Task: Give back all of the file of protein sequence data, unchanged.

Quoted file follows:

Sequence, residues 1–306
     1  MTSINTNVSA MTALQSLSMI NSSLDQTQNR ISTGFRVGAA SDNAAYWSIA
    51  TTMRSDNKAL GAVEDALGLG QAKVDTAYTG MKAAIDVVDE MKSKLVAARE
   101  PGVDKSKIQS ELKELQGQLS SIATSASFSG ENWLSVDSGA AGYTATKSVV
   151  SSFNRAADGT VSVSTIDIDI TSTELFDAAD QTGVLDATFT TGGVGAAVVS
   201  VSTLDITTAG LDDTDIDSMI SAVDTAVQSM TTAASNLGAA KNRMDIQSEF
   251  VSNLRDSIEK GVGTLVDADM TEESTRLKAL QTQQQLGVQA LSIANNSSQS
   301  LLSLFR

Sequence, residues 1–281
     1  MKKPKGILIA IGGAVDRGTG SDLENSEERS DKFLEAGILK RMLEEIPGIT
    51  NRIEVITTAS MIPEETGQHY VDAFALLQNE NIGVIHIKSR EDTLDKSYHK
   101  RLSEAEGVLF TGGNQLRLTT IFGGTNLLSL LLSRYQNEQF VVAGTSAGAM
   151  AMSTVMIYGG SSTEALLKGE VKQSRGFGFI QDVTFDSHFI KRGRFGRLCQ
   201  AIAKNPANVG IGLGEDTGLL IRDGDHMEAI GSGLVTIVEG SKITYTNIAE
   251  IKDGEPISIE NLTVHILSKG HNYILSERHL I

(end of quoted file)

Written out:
Sequence, residues 1–306
     1  MTSINTNVSA MTALQSLSMI NSSLDQTQNR ISTGFRVGAA SDNAAYWSIA
    51  TTMRSDNKAL GAVEDALGLG QAKVDTAYTG MKAAIDVVDE MKSKLVAARE
   101  PGVDKSKIQS ELKELQGQLS SIATSASFSG ENWLSVDSGA AGYTATKSVV
   151  SSFNRAADGT VSVSTIDIDI TSTELFDAAD QTGVLDATFT TGGVGAAVVS
   201  VSTLDITTAG LDDTDIDSMI SAVDTAVQSM TTAASNLGAA KNRMDIQSEF
   251  VSNLRDSIEK GVGTLVDADM TEESTRLKAL QTQQQLGVQA LSIANNSSQS
   301  LLSLFR

Sequence, residues 1–281
     1  MKKPKGILIA IGGAVDRGTG SDLENSEERS DKFLEAGILK RMLEEIPGIT
    51  NRIEVITTAS MIPEETGQHY VDAFALLQNE NIGVIHIKSR EDTLDKSYHK
   101  RLSEAEGVLF TGGNQLRLTT IFGGTNLLSL LLSRYQNEQF VVAGTSAGAM
   151  AMSTVMIYGG SSTEALLKGE VKQSRGFGFI QDVTFDSHFI KRGRFGRLCQ
   201  AIAKNPANVG IGLGEDTGLL IRDGDHMEAI GSGLVTIVEG SKITYTNIAE
   251  IKDGEPISIE NLTVHILSKG HNYILSERHL I